Table 1. Percent of time when different water allocation amounts would not meet corn gross irrigation requirement (GIR).

Table 1. Percent of time when different water allocation amounts would not meet corn gross irrigation requirement (GIR).

Figure 2. Temporal distribution of corn gross irrigation requirements (GIR) in seven counties in the LBNRD from 1986 to 2015.

Figure 2.  Temporal distribution of corn gross irrigation requirements (GIR) in seven counties in the LBNRD from 1986 to 2015.

Figure 3. Standard deviation (inch) of gross irrigation requirement (GIR) for corn in seven LBNRD counties. The standard deviation values were calculated for the period from 1986-2015.

Figure 3. Standard deviation (inch) of gross irrigation requirement (GIR) for corn in seven LBNRD counties. The standard deviation values were calculated for the period from 1986 to 2015.

It is important to note that the analyses for potential impact(s) of various hypothetical water allocation amounts on meeting (or not meeting) corn irrigation water requirement to produce good yields (e.g., 230-250 bu/ac) were carried out for the period from 1986 to 2015 for specific counties in the LBNRD. Analyses, data, and interpretations should not be extrapolated beyond these boundaries.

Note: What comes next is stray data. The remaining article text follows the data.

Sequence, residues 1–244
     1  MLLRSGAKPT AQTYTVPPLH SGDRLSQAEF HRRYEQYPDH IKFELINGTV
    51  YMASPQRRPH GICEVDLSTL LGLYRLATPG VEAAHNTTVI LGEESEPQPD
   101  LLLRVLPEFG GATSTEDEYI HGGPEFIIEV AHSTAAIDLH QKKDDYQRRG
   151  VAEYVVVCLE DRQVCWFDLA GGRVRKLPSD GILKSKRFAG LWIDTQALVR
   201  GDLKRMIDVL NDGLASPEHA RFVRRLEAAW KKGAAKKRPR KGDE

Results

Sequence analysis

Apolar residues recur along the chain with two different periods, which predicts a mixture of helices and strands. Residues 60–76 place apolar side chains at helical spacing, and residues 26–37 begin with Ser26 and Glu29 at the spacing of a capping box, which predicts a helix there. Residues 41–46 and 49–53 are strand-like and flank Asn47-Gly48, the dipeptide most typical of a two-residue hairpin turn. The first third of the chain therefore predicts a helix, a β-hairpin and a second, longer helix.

Information and data provided above are solely for information and education purposes. The author does not take any sides or provide any opinion as to whether allocation should be imposed or not. If the decision is made to go forward with the allocation, some of the most effective water allocation programs are those that incorporate research-based educational and outreach aspects of water management and university can offer technical and scientific aid to growers and others who are involved in crop production and irrigation practices to make the best use of the allocated amount of water resources for optimum crop production. This includes implementation of technology to counter some of the potential negative impact(s) of limited water resources for optimum crop production. There are numerous proven, effective irrigation management strategies, tools, and methods developed at UNL that result in enhanced crop water productivity. This can be achieved by reducing or eliminating over-irrigation and conserving water resources through reducing unnecessary water withdrawal for irrigation. For some of these resources, readers are encouraged to visit the Nebraska Agricultural Water Management Network (NAWMN) website at http://water.unl.edu/cropswater/nawmn. Some of the publications that are related to irrigation science and engineering, evapotranspiration of various cropping systems in each of the NE counties, water management technologies, climate impact(s) on agricultural productivity, and related topics are also listed in Dr. Irmak’s website at https://engineering.unl.edu/bse/faculty/suat-irmak-0/.

About jenreesources

I'm the Crops and Water Extension Educator for York and Seward counties in Nebraska with a focus in irrigated crop production and plant pathology.

Posted on January 4, 2018, in Ag Issues, Discussion Topics, Irrigation Scheduling. Bookmark the permalink. Leave a comment.